Congratulations, Americans! The Corporation for National & Community Service released a report which stated that despite the troubling economic times facing the nation, there has been a surge in volunteerism over the past year. Americans have a collectively generous spirit which has, yet again, shined in times of trouble. Everyone who has selflessly given their time and talents during the past year should hold their head up high with pride. The community as a whole thanks you!

We San Diegan volunteers can especially be proud of ourselves. San Diego's volunteer rate for the past year was 29.3%, beating the national average of 26.8%. This data is consistent with Volunteer San Diego's experience. We helped fill 51,000 positions last year, which is a 45% increase from the previous year! We project a 15% increase in the next year, which means that the volunteer spirit is alive and well in our little corner of the world.

All of you amazing volunteers are making a big difference in the San Diego community and the time you give is truly priceless. The increase in overall volunteerism in this country is a great attribute to you all.

Katie Grzecknik is a volunteer Blogger for Volunteer San Diego.

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Thursday, June 10, 2010

Volunteer Superhero: Brad Graybehl

Volunteer San Diego would like to recognize Brad Graybehl: Flex Team Leader, trainer of new Team Leaders and Community Chair of the Flex Project Development Team – basically a Flex Program volunteer extraordinaire. 

Brad came to Volunteer San Diego when a friend asked him to consider taking on becoming a Team Leader for a homework helper project; that was over five years ago. Since his start in 2005, Brad has been committed and continues to lead the weekly Serra Mesa Homework Helpers project, seeing many youth come and grow. Over the past two years, Brad has stepped up even more by working with VSD staff to revise the new Team Leader training and continues to work with staff and other volunteers on the Flex Project Development Team to grow and expand the Flex Program by developing new projects.

This past month, Brad was asked to speak at a national training facilitated by Volunteer San Diego for 17 HandsOn Network Affiliates from all over the country. “It was great to see Brad speak to other HandsOn Network affiliates about how they too can engage volunteer Team Leaders in their communities. The feedback we received from our affiliates was that they wanted a Brad of their own supporting their organization,” quoted Sarah Adams, Program Director at Volunteer San Diego.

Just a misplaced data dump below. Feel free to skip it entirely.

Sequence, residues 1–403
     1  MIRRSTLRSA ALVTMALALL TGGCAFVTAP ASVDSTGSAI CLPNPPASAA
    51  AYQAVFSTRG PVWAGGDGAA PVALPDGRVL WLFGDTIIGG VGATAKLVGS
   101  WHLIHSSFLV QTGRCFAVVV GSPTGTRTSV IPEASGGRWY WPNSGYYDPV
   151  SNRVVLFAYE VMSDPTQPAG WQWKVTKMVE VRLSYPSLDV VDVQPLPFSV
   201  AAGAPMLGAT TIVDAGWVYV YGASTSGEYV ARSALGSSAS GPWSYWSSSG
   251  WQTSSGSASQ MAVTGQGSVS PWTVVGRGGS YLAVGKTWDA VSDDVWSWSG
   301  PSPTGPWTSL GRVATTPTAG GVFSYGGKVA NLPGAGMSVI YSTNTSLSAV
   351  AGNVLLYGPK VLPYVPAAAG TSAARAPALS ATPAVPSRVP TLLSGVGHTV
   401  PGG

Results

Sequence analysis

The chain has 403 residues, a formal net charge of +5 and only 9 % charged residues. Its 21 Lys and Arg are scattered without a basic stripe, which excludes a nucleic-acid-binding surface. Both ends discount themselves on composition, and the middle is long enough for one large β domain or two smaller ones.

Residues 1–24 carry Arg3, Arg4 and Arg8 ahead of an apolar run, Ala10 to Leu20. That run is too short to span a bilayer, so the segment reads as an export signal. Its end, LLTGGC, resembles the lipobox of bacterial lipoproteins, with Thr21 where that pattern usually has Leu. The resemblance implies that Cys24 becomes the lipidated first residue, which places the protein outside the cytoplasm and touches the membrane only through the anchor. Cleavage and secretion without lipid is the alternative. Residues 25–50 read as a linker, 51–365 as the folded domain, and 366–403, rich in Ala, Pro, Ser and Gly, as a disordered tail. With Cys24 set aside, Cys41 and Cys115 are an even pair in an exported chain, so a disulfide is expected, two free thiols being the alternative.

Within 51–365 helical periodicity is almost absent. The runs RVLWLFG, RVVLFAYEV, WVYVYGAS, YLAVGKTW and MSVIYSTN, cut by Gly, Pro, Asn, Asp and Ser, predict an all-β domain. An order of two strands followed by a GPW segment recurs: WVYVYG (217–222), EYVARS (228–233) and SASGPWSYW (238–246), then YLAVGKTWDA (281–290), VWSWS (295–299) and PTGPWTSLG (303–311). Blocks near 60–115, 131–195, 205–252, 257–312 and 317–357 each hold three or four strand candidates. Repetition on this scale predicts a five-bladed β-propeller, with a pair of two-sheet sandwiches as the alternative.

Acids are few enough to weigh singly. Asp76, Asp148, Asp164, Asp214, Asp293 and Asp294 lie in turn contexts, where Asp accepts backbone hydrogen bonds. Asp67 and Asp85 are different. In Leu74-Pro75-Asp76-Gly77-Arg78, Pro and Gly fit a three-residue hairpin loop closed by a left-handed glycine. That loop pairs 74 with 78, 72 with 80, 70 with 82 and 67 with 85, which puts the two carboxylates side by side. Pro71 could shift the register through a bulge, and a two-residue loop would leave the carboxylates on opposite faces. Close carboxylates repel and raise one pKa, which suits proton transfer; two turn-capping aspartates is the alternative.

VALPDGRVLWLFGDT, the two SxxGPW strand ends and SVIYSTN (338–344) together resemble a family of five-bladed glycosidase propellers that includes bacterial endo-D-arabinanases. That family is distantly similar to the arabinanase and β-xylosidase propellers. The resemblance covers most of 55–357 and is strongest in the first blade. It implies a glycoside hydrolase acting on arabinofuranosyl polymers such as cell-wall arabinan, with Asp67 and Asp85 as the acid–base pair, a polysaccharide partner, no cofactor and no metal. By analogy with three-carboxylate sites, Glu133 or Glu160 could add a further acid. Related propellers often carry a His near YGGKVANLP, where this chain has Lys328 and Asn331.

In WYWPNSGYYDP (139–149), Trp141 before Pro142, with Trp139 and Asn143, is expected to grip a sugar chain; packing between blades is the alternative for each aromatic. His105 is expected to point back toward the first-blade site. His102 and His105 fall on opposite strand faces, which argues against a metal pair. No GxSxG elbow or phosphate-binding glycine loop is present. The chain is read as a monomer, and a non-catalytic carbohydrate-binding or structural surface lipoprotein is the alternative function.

To learn more about Volunteer San Diego’s Leadership Opportunities or the Flex Project Development Team, contact Jaci Feinstein.

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Monday, June 07, 2010

Site Captains Needed for Serve-a-thon 2010!

Are you looking for a new leadership opportunity? Do you want to gain valuable experience in volunteer and project management? Become a Site Captain for Serve-a-thon 2010!

Serve-a-thon is Volunteer San Diego’s largest service and fundraising event of the year. Formerly known as Hands On San Diego, this two day event continues with VSD’s tradition of providing quality projects and services to the community. Serve-a-thon projects focus on a pertinent community issue each year, and this year’s focus is on education.   

Our Site Captains truly are the heart of this volunteer event as they are the face of Volunteer San Diego for the volunteers and host organizations. We put a high value on our Site Captains because they ensure that the community members attending our projects have the best possible experience. We ask that all our Site Captains be willing to commit to attending one training a month for four months and leading at least one project during the Serve-a-thon weekend (Oct. 8-9). In return, we will provide you the opportunity to fine-tune your leadership skills, meet great people, build your resume and increase your impact as a volunteer leader.

To sign up for the First Site Captain Training on June 24, 2010 please click here.

For more information, click here or email

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Friday, June 04, 2010

Operation Welcome Home

Yesterday, Volunteer San Diego participated in the launch of Operation Welcome Home, the Governor’s Initiative to help veterans returning home from service. A number of veterans spoke powerfully about living in a war zone, the sometimes hidden physical and emotional scars of doing so, and the challenges of coming back home to civilian life. Some 30,000 vets return to California each year, and San Diego has the second largest veterans’ population in the U.S.

Volunteer San Diego’s role in the effort is to work with local nonprofit, government and civic organizations that serve our vets, helping build their capacity to engage volunteers and supporting their volunteer recruitment. We are honored to help serve those who so dutifully served our country.

If your organization serves veterans and wants to connect with volunteer support, please contact Nate Kieso at 858-300-3280 x203 or VSD will launch new resources for these organizations soon.